‘A cycle of dread, collapse, relief’: the absurd, tormented story of my hypochondria

I have never been seriously ill or spent a night in hospital, but I’m plagued by fears that a terrible sickness is coming for me. How did I fall victim to health anxiety?

“This minute I was well, and am ill, this minute.” The pain arrives slowly, like a Polaroid sharpening into view, but the fear comes suddenly: a channel switched, a cloud sped across the sun. It’s June 1989, I recently turned 20, and I am supposed to be studying for first-year exams in English, at University College Dublin. Instead, I’m letting a morning’s MTV binge slide into the afternoon and paying keen attention to the fingers of my right hand, which have begun to ache. In the days that follow – though I only half believe it’s happening – stiffness spreads to my wrist and elbow, to the other arm, to my hips and knees. I start hobbling, and hunch over on the bus on my way to university. I will have to repeat some exams, but my affliction will have vanished by midsummer, walked off one hot day in St Stephen’s Green.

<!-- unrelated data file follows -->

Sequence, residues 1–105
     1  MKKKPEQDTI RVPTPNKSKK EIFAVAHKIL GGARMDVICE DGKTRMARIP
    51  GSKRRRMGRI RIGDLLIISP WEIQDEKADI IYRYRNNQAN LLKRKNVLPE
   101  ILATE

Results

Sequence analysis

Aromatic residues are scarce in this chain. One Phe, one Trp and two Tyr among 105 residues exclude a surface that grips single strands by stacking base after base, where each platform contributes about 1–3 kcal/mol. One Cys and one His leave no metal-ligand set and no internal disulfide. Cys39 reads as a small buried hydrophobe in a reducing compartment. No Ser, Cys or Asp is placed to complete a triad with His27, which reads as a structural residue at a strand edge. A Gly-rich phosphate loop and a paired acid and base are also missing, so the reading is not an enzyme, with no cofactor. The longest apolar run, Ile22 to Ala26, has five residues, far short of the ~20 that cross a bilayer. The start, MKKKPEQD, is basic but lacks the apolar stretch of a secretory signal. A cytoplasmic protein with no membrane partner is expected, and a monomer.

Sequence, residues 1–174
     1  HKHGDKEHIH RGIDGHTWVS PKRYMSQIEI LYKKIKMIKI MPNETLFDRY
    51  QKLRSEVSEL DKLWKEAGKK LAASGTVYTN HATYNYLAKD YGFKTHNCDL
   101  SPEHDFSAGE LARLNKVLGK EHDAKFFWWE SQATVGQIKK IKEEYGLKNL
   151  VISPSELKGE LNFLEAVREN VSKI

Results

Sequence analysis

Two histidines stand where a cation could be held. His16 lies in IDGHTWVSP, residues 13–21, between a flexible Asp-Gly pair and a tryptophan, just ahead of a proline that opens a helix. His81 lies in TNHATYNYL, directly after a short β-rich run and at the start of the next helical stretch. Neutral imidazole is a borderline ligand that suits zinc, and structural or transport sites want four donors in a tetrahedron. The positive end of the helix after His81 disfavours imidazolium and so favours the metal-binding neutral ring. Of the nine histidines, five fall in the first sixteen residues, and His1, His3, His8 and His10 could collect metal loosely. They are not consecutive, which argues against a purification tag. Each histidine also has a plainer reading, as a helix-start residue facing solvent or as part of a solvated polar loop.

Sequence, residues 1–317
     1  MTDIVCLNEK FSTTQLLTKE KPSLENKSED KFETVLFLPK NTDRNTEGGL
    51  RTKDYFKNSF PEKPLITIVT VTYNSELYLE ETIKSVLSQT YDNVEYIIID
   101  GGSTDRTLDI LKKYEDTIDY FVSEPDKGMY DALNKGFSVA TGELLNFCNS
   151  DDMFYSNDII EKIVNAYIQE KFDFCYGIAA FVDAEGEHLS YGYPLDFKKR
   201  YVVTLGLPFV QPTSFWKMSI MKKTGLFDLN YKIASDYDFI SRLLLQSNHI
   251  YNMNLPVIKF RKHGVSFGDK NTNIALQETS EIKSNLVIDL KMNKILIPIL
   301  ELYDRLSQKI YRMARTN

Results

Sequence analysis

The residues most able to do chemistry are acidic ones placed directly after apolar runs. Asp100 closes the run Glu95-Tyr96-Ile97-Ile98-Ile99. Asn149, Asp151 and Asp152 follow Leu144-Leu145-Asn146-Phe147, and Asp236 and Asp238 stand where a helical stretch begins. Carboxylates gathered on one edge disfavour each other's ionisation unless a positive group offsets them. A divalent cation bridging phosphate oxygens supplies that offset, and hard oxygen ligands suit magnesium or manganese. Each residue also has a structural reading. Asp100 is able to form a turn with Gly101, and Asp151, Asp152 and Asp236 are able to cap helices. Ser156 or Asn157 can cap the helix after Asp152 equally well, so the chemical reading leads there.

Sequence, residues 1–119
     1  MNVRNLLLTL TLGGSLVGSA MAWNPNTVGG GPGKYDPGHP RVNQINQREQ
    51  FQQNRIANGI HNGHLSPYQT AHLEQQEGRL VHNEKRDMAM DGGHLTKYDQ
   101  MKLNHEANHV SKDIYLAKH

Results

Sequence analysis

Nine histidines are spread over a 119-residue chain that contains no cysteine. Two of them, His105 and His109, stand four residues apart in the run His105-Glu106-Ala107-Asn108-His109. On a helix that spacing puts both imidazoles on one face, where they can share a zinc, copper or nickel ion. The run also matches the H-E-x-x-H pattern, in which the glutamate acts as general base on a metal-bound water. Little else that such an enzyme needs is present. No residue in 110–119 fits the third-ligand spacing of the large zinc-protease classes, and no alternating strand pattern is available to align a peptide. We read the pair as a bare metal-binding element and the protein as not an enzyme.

Most of my life, from early adolescence onwards, has been punctuated by these episodes, more or less alarming, depending on my symptoms and the disease I have decided is expressed there. Fretful interludes have remained secret, never spoken about to parents, friends or professionals. Others have been, or felt, dramatic: the shock of a sudden lump, rash or pain must be taken to a GP, then to specialists, only to be quickly dismissed, or dissolved in the weeks-long agony of appointments and results. Still others have lingered for months or even years, dragging at daily life, relationships, career prospects.

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Category: Mental Health